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Friends of Your Taste Buds: Almonds


By: Mwangi Wamaina

Salutations, friends. Earlier, we learned about sturdy oats and succulent avocados. Today on our travels, we embark from the vast land of California to the stately land of Egypt. The welcoming waters are the peaceful playground of daring dugongs, the grandiose gray mullet, and the noble Nile perch. The salient skies are monitored by the hovering hoopoe, the cunning cattle egret, and the balanced black kite while the land is graced by the presence of dancing Dorcas gazelles, crafty caracals, laudable long-eared hedgehogs, the resilient rock hyrax, and scampering sand rats.

In this land lies a noticeable food found in the gargantuan grave of King Tutankhamun – the almond. Almonds have been used in Egypt and various other parts of the Mediterranean region for centuries before being brought From Spain to what is today California in the 1700s. Most almonds globally produced currently are grown in the United States, particularly in California, where 1,350,000 acres bore fruit in 2022.  Currently, the U.S. grows nearly 50 varieties, in particular, “the Non-Pareil, Carmel, California, and Mission types”.

Not only do almonds have a fascinating history and different types, but they contain many valuable nutrients for humanity. “Almonds are among the richest plant-based foods in calcium and phosphorus. They also contain significant amounts of magnesium, potassium, and iron.” Calcium is a mineral in the body which is important for different purposes. It exists in two forms, ionized (free) and unionized (bound). The body has a “seesaw” game between free calcium and bound calcium, since both are needed. (The body uses a messenger, known as parathyroid hormone, to run this seesaw.) Bound calcium (and phosphorus) is found in bone. Free calcium is used for other tasks. For example, there is a protein in the heart called troponin that free calcium attaches to, sort of like a key attaching to a door lock. If you think of the heart as a two-story building, there are four rooms or parts of the buildings, with two rooms on each floor. These rooms are called chambers. The bottom chambers are called ventricles. The ventricles are the parts that pump blood to the lungs (right ventricle) and the rest of the body (left ventricle). The attachment of calcium to troponin helps start a process that leads to more pressure in ventricles. The more pressure in the ventricles, the more easier blood can be forced out the heart. Thus, higher levels of calcium are needed in heart cells, called cardiomyocytes, when the heart is contracting (squeezing blood to other parts of the body). Lower levels of calcium are needed in these cells while the heart is being filled with blood.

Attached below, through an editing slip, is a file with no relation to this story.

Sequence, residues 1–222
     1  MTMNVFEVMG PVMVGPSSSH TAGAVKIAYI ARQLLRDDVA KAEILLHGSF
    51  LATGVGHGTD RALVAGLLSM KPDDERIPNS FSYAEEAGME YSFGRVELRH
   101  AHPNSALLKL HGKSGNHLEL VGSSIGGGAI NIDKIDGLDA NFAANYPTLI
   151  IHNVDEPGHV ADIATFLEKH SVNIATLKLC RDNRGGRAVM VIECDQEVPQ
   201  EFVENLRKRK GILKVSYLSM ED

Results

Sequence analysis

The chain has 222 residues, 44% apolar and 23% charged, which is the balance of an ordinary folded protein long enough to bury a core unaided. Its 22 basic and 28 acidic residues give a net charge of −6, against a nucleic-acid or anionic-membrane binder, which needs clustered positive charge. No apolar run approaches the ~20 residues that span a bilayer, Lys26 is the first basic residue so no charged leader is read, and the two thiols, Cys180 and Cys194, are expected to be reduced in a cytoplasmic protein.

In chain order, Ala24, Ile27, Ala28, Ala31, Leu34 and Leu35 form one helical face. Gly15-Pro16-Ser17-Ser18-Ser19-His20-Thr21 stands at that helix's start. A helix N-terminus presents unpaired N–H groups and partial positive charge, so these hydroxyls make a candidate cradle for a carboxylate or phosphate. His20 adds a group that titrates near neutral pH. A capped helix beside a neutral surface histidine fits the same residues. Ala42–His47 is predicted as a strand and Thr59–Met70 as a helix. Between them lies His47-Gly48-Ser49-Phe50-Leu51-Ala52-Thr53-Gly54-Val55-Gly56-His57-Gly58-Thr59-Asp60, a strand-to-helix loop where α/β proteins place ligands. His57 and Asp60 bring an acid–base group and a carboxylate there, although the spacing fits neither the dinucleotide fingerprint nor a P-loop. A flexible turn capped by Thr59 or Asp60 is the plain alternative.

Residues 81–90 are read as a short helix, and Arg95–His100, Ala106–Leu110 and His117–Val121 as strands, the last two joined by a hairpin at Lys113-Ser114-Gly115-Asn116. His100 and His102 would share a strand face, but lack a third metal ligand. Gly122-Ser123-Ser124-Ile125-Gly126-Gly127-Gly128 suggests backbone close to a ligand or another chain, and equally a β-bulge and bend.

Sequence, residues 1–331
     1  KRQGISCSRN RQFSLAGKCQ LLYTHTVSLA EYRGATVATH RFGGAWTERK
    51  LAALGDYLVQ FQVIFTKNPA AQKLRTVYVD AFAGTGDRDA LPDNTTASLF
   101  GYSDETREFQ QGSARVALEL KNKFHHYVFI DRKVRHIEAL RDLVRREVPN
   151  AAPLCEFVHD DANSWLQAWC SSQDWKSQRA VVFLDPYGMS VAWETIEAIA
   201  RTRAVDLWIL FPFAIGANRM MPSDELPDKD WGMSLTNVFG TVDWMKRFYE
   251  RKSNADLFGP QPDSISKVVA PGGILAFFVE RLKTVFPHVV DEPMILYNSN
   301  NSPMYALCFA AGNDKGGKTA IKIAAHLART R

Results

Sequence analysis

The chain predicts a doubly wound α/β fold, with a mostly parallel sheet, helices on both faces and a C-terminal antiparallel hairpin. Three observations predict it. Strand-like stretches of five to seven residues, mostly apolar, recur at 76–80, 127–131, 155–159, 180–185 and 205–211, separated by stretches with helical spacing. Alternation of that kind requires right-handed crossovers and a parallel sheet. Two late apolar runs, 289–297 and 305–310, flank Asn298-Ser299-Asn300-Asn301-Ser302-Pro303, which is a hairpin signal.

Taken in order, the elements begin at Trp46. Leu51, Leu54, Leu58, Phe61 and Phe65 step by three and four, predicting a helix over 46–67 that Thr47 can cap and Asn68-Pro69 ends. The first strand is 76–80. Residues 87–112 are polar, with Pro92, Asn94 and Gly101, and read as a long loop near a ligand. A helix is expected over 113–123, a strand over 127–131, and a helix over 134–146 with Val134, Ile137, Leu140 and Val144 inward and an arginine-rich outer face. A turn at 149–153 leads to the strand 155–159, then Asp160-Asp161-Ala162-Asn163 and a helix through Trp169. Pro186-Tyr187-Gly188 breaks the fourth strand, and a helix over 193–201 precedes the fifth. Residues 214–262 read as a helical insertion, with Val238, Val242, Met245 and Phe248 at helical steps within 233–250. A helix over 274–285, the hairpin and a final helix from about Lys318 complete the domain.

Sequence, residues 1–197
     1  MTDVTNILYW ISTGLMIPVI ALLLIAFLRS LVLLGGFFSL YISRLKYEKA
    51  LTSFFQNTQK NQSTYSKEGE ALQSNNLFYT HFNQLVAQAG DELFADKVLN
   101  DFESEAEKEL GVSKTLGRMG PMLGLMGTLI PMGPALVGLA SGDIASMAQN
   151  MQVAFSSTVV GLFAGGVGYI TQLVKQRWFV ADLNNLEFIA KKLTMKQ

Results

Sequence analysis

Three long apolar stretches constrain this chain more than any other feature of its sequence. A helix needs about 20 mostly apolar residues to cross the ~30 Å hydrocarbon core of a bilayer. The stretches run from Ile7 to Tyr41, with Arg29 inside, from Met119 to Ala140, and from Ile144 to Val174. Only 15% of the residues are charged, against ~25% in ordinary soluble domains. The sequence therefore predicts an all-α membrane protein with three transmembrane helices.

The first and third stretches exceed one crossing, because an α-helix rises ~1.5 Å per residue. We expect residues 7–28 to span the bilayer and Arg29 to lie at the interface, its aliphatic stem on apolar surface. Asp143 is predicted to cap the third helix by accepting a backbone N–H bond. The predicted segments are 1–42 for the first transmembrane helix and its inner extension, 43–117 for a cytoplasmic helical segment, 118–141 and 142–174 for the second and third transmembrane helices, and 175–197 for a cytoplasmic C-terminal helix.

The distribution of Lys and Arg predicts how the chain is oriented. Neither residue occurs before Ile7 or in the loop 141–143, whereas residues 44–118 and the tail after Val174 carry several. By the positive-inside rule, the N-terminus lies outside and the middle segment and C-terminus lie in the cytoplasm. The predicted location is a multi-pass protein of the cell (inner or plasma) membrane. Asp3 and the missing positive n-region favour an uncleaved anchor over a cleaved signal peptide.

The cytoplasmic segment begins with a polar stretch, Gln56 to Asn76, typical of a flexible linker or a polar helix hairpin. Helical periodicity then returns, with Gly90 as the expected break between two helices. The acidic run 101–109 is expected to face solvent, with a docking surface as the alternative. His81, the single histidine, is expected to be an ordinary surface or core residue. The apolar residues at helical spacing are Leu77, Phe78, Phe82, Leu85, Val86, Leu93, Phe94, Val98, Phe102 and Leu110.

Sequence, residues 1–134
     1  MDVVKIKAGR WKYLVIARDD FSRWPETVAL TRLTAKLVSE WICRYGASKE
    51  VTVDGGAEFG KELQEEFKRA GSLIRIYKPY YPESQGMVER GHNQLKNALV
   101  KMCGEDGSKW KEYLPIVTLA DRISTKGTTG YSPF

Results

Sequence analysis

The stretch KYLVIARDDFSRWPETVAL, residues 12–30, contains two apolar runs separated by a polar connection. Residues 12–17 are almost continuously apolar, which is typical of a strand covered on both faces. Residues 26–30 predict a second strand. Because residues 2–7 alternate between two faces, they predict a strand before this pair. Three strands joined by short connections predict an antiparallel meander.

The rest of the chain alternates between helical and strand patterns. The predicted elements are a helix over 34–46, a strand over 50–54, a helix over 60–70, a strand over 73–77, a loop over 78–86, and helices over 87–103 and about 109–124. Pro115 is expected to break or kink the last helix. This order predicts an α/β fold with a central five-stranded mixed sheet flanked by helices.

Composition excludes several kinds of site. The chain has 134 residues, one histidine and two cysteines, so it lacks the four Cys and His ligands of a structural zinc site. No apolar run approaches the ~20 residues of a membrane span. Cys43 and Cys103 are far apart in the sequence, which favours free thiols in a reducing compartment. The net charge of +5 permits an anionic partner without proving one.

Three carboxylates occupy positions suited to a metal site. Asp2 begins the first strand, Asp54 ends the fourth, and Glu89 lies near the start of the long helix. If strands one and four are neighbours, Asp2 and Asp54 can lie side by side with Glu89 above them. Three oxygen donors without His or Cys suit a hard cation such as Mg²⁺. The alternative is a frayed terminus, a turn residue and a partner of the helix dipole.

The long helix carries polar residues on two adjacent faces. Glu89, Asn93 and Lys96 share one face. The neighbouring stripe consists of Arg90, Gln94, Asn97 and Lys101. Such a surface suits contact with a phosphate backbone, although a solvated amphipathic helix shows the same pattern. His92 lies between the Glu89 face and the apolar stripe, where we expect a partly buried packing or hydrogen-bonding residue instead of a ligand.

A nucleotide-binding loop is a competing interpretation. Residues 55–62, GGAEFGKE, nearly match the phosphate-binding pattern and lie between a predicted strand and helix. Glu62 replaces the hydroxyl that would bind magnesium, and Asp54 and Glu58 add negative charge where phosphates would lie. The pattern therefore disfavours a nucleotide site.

To obtain these nutritious elements, search for almonds in the produce/nuts section of the store. The current price in the U.S. for almonds ranges between $4.71 and $8.53 per pound. They can be purchased whole, sliced, chopped, or slivered. Though they are most often found plain or salted, they are available in honey-roasted, BBQ, chili, chocolate-covered, and other flavors, many of which can drive up the calories, sodium, and sugar. The entire almond can be eaten, though if cooking them, the almond will be most fresh if the chopping or slicing occurs shortly prior to cooking them. It’s also best to eat the almonds before the best by date. If the almonds are raw, they can last at least one year. Beware of  white, fluffy mold and of a bitter/sour/paint-like smell, as these indicators mean the almonds are spoiled.

In addition to eating them raw, almonds can be used to produce butter, cookies, cream sauce, croquettes, alternative milk, and soup. Partake!

Mwangi Wamaina is an M3 at UICOMR